Last week, Charity Commission research revealed that more than two-thirds of charities have no complaints procedures. The regulator also condemned the prevailing view among charities that they do not need them.
NO - David Allen, chair, Charity Complaints Forum
Charity Commission research suggests the sector has yet to embrace a quality assurance and improvement approach for services offered to the public. This is worrying because wider research in the sector suggests the public now expects similar standards of service and professionalism from charities to those attained by the public and private sectors.
I don't believe senior managers in the sector have recognised the benefits of a clearly defined complaints procedure, which can add value and insight into service provision. Complaints are feedback for free.
Charities should not be afraid of honest feedback. It gives them the opportunity to improve processes and procedures and set the standards they want to be judged by.
More and more trustees are asking if we are good at what we do and if we are improving. Benchmarks are desperately needed for a wide range of charity services, and the data captured by a well-designed complaints procedure is invaluable for supporting funding proposals to trustee bodies for staff training and development.
A good complaints procedure should produce data for a charity's balanced scorecard and help trustees find out if we are good at what we do.
NO - Kevin Curley, chief executive, National Association of Councils for Voluntary Service
It simply isn't good enough that 70 per cent of charities do not have a complaints procedure. Far from being a nuisance and a distraction, complaints are a valuable form of feedback. Any kind of complaint enables those responsible for a service to see its delivery from a completely different point of view. For the service user, complaining is often the only way injustice or indifference can be challenged.
Recent research shows that two-thirds of charities with procedures in place received no complaints in the previous 12 months. I'm not convinced this is any kind of guarantee that the services they provide are good enough. Have these charities advertised their procedures to service users and encouraged them to use them? Have they trained staff and volunteers to welcome complaints?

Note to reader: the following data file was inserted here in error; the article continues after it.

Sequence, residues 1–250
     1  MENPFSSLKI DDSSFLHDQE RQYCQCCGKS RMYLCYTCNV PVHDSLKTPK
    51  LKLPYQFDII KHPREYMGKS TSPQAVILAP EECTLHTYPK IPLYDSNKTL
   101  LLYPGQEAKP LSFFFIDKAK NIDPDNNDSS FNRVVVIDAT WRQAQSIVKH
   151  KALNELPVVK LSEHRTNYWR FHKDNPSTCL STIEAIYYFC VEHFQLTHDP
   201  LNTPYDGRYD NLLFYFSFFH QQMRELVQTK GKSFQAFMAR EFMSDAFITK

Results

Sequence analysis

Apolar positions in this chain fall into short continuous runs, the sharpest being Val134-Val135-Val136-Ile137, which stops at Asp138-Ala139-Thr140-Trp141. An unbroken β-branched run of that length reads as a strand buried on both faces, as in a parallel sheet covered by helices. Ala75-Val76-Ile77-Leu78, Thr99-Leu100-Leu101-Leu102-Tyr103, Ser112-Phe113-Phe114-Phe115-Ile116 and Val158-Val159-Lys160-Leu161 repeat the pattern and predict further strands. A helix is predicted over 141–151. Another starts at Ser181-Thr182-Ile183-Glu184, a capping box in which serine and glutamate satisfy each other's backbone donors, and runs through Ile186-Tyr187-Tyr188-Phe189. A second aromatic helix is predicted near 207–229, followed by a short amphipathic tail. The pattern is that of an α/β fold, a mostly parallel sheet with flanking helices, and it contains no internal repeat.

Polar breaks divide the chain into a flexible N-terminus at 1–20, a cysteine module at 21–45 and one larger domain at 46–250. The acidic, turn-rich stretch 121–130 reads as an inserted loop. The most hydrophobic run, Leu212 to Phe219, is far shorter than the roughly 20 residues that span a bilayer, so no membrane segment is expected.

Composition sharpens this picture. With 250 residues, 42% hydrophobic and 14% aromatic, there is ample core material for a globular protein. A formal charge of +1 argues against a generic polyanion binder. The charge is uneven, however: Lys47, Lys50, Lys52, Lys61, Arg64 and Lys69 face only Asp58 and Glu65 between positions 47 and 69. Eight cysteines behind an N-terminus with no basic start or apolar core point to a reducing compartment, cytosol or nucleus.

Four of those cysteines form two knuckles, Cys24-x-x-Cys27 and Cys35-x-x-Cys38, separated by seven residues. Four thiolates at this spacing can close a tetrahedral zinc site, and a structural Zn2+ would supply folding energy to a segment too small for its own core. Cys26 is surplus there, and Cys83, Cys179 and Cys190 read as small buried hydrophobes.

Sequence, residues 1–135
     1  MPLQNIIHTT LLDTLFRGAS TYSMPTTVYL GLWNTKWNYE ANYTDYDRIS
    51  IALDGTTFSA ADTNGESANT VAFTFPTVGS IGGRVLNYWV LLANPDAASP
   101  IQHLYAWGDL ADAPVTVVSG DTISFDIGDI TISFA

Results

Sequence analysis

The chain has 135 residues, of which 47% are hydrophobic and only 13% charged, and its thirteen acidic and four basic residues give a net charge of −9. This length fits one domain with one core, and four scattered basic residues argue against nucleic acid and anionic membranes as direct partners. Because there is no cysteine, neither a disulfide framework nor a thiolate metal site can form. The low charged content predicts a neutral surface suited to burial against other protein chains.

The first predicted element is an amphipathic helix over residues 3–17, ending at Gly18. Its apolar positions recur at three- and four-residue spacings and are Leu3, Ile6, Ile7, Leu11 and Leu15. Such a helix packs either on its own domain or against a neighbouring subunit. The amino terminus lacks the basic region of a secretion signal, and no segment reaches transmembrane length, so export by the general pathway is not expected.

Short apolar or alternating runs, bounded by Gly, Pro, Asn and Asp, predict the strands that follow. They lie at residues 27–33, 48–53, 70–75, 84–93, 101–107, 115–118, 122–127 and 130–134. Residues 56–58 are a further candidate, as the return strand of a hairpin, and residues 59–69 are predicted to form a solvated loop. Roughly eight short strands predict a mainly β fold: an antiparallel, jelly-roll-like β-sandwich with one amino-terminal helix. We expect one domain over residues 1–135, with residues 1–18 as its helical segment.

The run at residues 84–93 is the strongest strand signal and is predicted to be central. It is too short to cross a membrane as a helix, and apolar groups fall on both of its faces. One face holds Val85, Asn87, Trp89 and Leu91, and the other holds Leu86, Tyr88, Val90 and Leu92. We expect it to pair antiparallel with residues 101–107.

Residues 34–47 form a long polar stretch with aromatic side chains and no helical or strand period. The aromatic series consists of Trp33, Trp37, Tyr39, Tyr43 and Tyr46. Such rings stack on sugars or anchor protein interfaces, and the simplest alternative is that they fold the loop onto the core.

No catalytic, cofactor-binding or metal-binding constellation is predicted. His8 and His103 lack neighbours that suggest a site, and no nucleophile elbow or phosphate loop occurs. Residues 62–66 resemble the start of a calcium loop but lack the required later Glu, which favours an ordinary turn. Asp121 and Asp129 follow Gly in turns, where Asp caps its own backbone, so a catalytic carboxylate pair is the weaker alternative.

NACVS members help local groups to use quality assurance systems to improve their work. A complaints procedure is an essential part of this approach.
We would encourage funders to make it obligatory for the organisations they support to have these procedures in place and to demonstrate that they use the learning from them to help to improve performance.
NO - John Crowther, director of operations, Thames Reach Bondway
Surely the straight answer to this question is a resounding "no". If 80 per cent of charities believe we don't need complaints procedures - and presumably some of the other 20 per cent are those that don't receive regular complaints - we must be doing very badly. How complacent can we get?
Most of our organisations are providing services to people. When I use a service - especially when I am a paying customer, like many of my organisation's users - I want the service to meet my expectations and the standards I have been told to expect.
When things go wrong, I might decide to complain. As a tolerant and hopeful kind of person, I might also have some suggestions about how things could be improved, or how a recurrence of the situation that led to my complaint might be prevented.
How on earth am I going to do this? And why should I bother if I am your charity's service user and you haven't had the decency to explain how your procedure (or lack of it) works? I doubt I would feel as if you were listening, and I doubt even more that you would take any notice.
YES - Anne-Marie Piper, partner, charity and community team at law firm Farrer & Co
I was not surprised to hear that many charities do not have formal complaints procedures, but that is not to say they don't handle complaints well.
I'm often consulted by clients on how best to deal with a complaint and invariably the charity is taking the matter seriously.
Indeed, sometimes dealing sensitively with complaints can take a disproportionate amount of time and energy. Having a formal complaints procedure (and advertising the fact) can often save time and effort in that it generally leads to the more efficient handling of complaints. And, when they review complaints made under the procedure, it allows trustees to put individual complaints in context, something that can be hard to do if they are dealt with case by case.
There is no doubt that a complaints procedure can be an incredibly useful tool for a charity. Complaints can not only tell a charity when or where things are not working as they should, but can also give valuable insights into the things that really matter as far as the complainant is concerned (which is not always what the trustees and staff expect). Handling a complaint well can also be a bonding experience, in that it can restore the complainant's faith in the charity.